After weeks of frenetic coverage and activity, Republicans have managed to pass the most extensive overhaul of the tax system in decades. Regardless of one’s feelings towards the bill, it’s an impressive feat. Many are heralding the law as a major win for Republicans who, after the bedeviling year they’ve had, frankly needed it.

If it’s a win, it’s certainly an unorthodox one. The bill is scathingly unpopular with the American public. There are actually tax hikes that were more popular than this cut. Speaker Paul Ryan insists that everyone will warm up to the bill once they’ve experienced its effects. He’s betting his party’s future electoral success on it.

It’s a bad bet.

The bill isn’t irredeemably bad. Although the magnitude of the advertised savings is dubious, most families will see a modest improvements. Further, many economists believe that the law will spur economic growth– albeit not enough to make it budget neutral. There are benefits. They just won’t be enough.

First off, the law goes into effect January 1st. The majority of people won’t see any of the benefits until they file their taxes in 2019—months after the final ballots are counted in November. So for those who haven’t reaped the symbolic benefit of seeing their home team win, the GOP has very little leverage. They’re basically left saying “you’re going to see benefits. Trust us.” As the polls show, their promises don’t exactly have a lot of purchasing power.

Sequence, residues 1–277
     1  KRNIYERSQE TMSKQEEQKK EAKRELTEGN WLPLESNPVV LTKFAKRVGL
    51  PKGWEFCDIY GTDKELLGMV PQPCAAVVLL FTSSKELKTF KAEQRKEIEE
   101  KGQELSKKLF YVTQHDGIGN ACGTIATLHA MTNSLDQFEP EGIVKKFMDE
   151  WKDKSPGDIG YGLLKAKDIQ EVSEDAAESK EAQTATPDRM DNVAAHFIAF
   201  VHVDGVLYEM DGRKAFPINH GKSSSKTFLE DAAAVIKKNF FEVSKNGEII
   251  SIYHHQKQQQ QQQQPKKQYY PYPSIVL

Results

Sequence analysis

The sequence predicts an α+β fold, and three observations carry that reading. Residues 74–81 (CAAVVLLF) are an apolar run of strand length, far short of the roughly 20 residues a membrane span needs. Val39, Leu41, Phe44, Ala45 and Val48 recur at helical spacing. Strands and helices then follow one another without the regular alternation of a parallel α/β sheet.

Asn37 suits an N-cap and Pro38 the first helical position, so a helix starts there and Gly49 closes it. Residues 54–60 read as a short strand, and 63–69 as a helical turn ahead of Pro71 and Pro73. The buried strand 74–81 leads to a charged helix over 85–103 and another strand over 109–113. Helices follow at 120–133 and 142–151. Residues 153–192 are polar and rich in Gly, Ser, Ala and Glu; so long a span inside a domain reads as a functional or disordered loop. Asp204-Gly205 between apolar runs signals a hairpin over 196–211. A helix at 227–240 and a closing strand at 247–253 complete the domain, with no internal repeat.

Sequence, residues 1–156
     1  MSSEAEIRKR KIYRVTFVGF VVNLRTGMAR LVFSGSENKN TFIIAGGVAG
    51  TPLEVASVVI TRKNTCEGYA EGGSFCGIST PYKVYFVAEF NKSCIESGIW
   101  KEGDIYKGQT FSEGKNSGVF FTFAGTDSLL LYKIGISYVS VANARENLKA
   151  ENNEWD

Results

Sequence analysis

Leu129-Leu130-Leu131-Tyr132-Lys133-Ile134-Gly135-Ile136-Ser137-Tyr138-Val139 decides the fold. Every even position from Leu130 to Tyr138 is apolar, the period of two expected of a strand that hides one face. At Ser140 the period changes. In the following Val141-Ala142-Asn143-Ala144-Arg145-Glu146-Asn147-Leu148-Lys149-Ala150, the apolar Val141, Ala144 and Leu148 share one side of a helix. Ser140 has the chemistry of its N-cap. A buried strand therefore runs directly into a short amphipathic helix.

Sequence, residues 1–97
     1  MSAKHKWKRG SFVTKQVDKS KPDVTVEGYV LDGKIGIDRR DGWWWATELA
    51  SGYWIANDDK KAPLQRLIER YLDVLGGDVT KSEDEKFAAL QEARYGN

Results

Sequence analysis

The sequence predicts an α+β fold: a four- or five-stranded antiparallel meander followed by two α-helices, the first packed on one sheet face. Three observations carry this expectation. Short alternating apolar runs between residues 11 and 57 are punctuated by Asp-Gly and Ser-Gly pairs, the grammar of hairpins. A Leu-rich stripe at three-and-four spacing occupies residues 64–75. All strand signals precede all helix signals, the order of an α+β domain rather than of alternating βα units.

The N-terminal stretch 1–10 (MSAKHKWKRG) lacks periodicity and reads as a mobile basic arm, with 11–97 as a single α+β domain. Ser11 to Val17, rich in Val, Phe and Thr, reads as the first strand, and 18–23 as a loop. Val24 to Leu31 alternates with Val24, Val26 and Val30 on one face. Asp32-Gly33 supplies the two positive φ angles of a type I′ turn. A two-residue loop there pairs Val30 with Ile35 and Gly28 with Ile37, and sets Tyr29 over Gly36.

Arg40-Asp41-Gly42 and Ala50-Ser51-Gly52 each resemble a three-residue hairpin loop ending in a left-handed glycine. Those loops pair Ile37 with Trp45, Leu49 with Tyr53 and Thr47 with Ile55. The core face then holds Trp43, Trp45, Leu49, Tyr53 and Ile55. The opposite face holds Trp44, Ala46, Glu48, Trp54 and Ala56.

The benefits would be felt in time for the 2020 election, however. But the GOP severely underestimates how quickly people habituate to a new normal. If tax policy could deliver enduring favorability, Republicans would’ve just kept extending the Bush era cuts. Ebullience fades quickly–especially if the treatment is modest and infrequent. Which it is. The cuts will not be enough for most to notice a pronounced difference in their day-to-day spending habits; people will only notice it when tax season comes along.

This bill won’t become popular on its own. They’ll have to make it popular and continue to do so. But climbing out of the pit they’re starting in is going to be a tall order.

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Peter Licari
Peter is a PhD student in American Politics and Political Methodology at the University of Florida studying political behavior, elections, and polling. He identifies as an ideological moderate and a center-left Republican. While he departs from the party line on a handful of salient issues (Gay Marriage, Climate Change, and Abortion), he tends to identify strongly with many of the party's core values including equality of opportunity, empowering individual liberty, the importance of state and local governance, and the power of a fair market. He firmly believes in the necessity of limited government intervention on those issues enumerated by the constitution and by legal precedent but is leery at expansion beyond that sphere. He also blogs at and doodles web-comics at What little spare time remains is dedicated to long-distance running, reading, playing video games with his ever-patient fiancee, Stephanie, and to oddly productive one-sided conversations with his cat, Asia.